Some will perhaps accuse me, and have done before, of making straw man of whom to knock down. The point here is that I’m not accusing anyone of supporting Zakzaky – though there obviously are some who do – and I’m certainly not saying that in the absence of an anti-fascist picket of him, that I should therefore deduce the anti-fascists in fact support Islamic fascists. It is not true. But I have difficulty understanding why people like Zakzaky don’t wind them up to the point of protest, whereas smaller targets like David Irving, do.

Now let me quickly qualifiy this before I get myself into trouble. Of course Irving is bad news, and has dangerous ideas, but at least he is an army of one; him and maybe some idiots in the National Front or Combat 18. His words are largely ignored by the vast amount of thinking human beings, and are taken on board by a small group of twits that if they express their counterfactual opinions, land themselves in court. Zakzaky, on the other hand, is the head of a church, has many followers and is fiercely anti-Semitic – context, here, is all.

In my quest to get more airplay on Zakzaky, I wrote to three individuals/organisations that I thought could maybe help; Peter Tatchell, Hope not Hate and Unite Against Fascism.

I requested their help in numbers to picket the arrival of Zakzaky and ask questions of the mosque why they felt it responsible to invite someone with a evident history of anti-Semitism and crime.

I saw something on him at the Jerusalem Post and some bits on Harry’s Place blog here and here, as well as a cross-post on the Spittoon website, but when I read next to nothing about him in the mainstream press I wrote to the Board of Deputies of British Jews, Jewish Chronicle – as well as tweeting Martin Bright and Stephen Pollard – Hampstead and Highgate Express and the Kilburn Times.

The only response I got from any of these places was Peter Tatchell to tell me he was ill and had no campaign funds. Tatchell in his email recommended I contact the Board of Deputies of British Jews and contact local news sources – which I had done. It is a great credit to the man for at least writing back to me and taking my email seriously; there indeed is someone who will not allow sentimentalities affect his principles, and I can’t talk highly of him for doing so.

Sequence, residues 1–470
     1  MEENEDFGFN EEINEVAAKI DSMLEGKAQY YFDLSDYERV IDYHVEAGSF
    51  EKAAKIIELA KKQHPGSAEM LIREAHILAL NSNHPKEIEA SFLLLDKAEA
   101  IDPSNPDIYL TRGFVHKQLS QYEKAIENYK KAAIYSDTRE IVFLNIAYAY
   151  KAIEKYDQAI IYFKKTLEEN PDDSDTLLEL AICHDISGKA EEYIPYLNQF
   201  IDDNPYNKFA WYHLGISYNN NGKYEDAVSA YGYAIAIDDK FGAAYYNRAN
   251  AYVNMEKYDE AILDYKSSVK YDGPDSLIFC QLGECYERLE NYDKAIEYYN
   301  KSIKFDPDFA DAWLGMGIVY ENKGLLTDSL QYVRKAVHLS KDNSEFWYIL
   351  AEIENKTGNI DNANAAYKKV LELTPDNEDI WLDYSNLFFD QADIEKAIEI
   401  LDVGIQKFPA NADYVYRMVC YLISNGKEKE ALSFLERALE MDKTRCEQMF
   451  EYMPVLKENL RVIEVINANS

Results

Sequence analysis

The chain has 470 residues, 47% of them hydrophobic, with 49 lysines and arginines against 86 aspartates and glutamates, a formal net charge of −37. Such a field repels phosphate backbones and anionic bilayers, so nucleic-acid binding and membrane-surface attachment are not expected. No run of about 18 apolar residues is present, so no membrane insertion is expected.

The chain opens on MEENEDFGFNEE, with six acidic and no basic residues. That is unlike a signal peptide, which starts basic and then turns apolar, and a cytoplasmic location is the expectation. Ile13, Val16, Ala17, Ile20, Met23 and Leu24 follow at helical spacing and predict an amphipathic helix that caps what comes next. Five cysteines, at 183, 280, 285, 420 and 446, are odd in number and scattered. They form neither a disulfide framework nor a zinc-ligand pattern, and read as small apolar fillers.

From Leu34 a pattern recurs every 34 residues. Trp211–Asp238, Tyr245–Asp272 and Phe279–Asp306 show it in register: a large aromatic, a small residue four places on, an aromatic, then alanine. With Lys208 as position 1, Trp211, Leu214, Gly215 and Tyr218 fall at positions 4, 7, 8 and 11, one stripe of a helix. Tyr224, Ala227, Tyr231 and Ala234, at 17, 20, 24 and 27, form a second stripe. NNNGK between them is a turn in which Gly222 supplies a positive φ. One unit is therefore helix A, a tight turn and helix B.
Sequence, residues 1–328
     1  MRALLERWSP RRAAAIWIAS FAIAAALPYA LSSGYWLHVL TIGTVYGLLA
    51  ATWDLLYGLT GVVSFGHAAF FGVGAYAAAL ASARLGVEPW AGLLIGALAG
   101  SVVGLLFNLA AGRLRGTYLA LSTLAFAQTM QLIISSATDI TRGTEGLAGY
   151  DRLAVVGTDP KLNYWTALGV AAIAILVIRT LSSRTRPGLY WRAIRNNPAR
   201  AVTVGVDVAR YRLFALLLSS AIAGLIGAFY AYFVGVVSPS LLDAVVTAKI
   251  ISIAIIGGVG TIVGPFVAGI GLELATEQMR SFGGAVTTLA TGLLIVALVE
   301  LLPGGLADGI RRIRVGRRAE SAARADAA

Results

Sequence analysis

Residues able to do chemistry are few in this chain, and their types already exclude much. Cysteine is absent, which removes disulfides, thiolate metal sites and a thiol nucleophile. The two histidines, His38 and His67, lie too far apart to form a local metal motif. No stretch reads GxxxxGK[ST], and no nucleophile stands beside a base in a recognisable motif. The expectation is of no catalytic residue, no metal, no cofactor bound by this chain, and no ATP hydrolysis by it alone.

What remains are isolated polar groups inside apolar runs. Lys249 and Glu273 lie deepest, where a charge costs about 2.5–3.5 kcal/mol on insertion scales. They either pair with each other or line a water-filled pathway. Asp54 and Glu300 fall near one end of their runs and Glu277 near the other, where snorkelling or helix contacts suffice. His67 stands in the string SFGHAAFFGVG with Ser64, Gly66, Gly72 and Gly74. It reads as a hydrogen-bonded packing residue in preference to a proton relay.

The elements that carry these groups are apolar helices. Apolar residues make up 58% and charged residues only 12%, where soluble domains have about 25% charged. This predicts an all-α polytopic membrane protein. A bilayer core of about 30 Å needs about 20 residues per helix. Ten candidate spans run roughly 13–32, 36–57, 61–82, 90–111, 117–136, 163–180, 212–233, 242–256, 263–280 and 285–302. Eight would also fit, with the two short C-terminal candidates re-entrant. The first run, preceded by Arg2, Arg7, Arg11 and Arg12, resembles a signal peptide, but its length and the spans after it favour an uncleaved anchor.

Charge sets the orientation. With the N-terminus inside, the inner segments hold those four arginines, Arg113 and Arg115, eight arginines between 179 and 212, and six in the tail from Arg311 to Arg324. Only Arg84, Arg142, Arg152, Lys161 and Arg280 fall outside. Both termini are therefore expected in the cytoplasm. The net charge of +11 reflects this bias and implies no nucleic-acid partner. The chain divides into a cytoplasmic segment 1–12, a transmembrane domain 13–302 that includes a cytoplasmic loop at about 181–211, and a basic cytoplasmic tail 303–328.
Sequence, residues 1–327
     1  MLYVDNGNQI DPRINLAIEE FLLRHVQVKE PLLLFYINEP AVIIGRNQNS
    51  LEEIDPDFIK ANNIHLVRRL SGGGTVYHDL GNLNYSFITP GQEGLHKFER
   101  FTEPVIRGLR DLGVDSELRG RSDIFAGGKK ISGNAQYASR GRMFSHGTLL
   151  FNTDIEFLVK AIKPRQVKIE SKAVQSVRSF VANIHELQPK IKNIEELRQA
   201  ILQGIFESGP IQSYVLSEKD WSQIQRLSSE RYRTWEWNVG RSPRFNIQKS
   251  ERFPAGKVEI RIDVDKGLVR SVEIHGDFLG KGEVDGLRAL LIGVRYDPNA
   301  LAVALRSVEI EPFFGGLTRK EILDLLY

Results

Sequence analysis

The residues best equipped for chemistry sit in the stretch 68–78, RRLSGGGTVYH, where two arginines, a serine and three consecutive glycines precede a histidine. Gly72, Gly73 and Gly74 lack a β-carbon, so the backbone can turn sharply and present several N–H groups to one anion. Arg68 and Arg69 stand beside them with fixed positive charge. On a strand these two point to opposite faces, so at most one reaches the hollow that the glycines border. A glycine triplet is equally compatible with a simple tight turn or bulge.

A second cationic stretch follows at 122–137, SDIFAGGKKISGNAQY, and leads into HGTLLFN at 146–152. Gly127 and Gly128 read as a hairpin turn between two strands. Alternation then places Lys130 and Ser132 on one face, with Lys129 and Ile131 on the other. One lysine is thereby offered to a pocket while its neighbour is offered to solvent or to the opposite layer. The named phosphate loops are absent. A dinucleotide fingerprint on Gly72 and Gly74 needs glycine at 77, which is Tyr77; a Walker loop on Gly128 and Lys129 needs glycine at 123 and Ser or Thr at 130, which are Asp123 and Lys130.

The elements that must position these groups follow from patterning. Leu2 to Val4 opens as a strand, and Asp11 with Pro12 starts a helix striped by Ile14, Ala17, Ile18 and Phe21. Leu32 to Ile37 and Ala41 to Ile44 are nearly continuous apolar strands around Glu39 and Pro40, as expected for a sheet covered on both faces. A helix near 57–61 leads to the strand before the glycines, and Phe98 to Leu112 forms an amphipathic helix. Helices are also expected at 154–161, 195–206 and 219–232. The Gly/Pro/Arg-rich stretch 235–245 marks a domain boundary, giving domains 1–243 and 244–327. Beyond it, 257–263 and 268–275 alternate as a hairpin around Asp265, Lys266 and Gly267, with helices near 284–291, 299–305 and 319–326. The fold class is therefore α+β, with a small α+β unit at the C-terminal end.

Tatchell’s first line said it all: “I share your anger about Mosques hosting extremist clerics and preachers. It is no better than having a right wing white racist speaking.”

There is no such thing as a “decent” left. There are leftwingers and rightwingers, with some mixing in the middle, and there are hypocrites and those who allow confused politics affect principles. I do not level this charge at anyone in particular, but in the fight against fascism in all its forms, we can’t just sit on our hands, we should be pulling our fingers out.

In the end I went down to the mosque by myself, and I was ineffective and nervous about getting on the wrong side of anyone. But were I backed up with the same level of energy certain organisations reserve for other far rightwingers, we could have told a number of people what we think about foul ideas infiltrating vulnerable communities.